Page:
The promotor, Rick, does a great job organizing everything. He orders us food and makes sure we have everything we need. There's a guy here with a table set up selling homemade effects pedals. I talk to him a bit and he's really cool. I wish I could try some of his stuff out, but this really isn't a good environment for that sort of thing. I get his card. His company is called Daddy-Daughter Pedalworks. I think he lets his daughter do some of the artwork on the pedals. It's some cool stuff.

Our friends Drew and Lorie Toth show up. They have brought along the infamous videographer "Punk" Rick Scullion with them. He's traveled down from Canada to videotape our set. We spend time catching up a bit. Our pal Lance Runngren and his wife Melissa are here, too. Lance's band Busby Death Chair are also on the bill tonight. Tesco Vee shows up. I'm pleasantly surprised. Tonight is turning out great. 

We finally take the stage and knock into our set. I can't really hear too well. The monitor mix is pretty weak. I also have to contend with the pole, which is situated right in my way. Other than that, it's a great set. The time spent on the road really has us primed. Even with the lingering crud in my head, I feel pretty good and my energy is strong. We blitz thru one song after another without stopping. We get called back for an encore and then it's over.

After the show we all hang out a bit. We take some group pics with Tesco. Punk Rick and I have a shot for the road. I really don't drink too much anymore, but I figured it was... medicinal.  Before I know it we are back on the highway, headed home...

This run of shows was a good one. Personally I felt we were tightly focused and preforming at high level. I am 46 years old - hardly a spring chicken but far from the seasoned experience of the others. There are times that are admittedly difficult. There are long stretches of abject boredom, cramped conditions, stiff muscles and sore backs. I got sick and felt like hell for half the tour (and still carry a lingering hack as I write this). You miss your friends and loved ones, even if only for a relatively brief separation. But the time we spend onstage, the time we spend interacting with fans (both longtime and brand new), the time spent with old friends and the experiences and sights along the way are what make these trips memorable.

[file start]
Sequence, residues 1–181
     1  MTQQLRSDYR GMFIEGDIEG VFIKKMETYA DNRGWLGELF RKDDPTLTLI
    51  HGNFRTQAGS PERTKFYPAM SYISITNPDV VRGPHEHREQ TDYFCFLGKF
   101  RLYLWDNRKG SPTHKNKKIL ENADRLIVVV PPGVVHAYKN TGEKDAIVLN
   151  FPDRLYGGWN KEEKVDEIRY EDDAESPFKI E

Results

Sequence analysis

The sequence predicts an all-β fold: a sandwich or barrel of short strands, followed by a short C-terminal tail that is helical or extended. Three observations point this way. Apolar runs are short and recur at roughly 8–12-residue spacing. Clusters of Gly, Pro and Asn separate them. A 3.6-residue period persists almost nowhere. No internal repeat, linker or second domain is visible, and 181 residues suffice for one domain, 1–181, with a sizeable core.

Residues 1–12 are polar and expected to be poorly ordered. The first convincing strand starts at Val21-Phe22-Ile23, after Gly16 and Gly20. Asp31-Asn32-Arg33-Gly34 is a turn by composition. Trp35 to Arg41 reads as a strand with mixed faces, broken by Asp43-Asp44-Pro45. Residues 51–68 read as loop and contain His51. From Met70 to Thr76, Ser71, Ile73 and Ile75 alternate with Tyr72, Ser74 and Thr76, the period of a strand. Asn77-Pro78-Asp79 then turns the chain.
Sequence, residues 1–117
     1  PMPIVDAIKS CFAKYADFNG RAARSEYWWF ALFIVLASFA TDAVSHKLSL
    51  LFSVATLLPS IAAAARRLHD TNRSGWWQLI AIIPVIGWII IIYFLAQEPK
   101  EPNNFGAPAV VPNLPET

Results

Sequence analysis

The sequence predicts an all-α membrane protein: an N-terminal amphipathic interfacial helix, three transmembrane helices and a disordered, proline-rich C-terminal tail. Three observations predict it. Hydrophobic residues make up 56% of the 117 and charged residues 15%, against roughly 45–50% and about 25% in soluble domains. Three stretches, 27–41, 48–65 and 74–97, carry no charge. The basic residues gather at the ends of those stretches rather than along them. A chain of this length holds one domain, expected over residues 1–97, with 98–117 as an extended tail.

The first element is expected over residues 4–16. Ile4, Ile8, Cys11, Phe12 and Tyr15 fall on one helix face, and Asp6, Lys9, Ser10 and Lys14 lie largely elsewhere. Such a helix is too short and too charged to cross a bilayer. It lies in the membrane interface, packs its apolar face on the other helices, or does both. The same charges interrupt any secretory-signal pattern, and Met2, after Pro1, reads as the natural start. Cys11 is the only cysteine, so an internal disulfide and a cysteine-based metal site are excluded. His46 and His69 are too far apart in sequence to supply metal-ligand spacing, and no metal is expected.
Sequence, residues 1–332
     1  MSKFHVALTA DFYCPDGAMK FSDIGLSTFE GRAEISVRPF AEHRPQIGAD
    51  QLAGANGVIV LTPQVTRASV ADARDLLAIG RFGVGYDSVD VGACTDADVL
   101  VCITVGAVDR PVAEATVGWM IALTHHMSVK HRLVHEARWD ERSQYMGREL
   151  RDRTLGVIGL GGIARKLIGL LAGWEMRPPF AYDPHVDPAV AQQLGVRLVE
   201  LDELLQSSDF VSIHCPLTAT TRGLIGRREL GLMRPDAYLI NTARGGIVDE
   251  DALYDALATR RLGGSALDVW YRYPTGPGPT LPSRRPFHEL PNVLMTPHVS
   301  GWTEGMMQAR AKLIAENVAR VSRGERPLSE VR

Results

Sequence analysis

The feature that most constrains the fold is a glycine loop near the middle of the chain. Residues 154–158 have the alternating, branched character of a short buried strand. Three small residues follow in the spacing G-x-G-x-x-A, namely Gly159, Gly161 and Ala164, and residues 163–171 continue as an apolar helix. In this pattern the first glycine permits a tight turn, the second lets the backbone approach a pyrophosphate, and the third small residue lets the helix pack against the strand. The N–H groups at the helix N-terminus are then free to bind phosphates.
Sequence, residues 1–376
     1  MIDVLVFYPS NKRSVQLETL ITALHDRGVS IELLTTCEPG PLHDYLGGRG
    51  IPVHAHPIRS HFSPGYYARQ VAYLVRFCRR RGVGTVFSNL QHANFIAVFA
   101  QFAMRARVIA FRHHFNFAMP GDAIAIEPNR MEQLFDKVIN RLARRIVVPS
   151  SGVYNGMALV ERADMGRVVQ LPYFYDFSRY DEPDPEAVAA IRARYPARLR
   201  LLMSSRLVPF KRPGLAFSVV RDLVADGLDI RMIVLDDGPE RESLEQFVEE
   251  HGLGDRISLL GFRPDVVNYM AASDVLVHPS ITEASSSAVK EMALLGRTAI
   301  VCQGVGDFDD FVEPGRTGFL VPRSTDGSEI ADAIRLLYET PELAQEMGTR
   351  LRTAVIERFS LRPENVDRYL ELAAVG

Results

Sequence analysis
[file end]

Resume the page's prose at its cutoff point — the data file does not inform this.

I would be remiss if I didn't mention the dedication and hard work of Todd Goss and Brandon Robinson, who truly keep the whole thing together and running (mostly) smooth. These are not small men, and they curl themselves up in the van with the rest of us riding the endless miles without comment or complaint. They help load, unload, set-up, tear-down, sell swag, tape, tote, glue and mark. Sometimes they bounce and sometimes they usher. Sometimes they even literally carry the water. I can't say how much I appreciate them and everything they do. 

With a season of shows behind us we are on focused on writing again. We've got a few things working, so we'll see where it goes. Personally speaking, I'm eager to put together a large enough batch of songs for a new album. We also have a few other recording ideas we are working on that I don't wanna reveal yet. It gonna be killer, though. The upcoming season may seem quiet but believe me -  we are going to be working hard behind the scenes. We have lots of cool stuff planned as we barrel down on the 35th anniversary next year...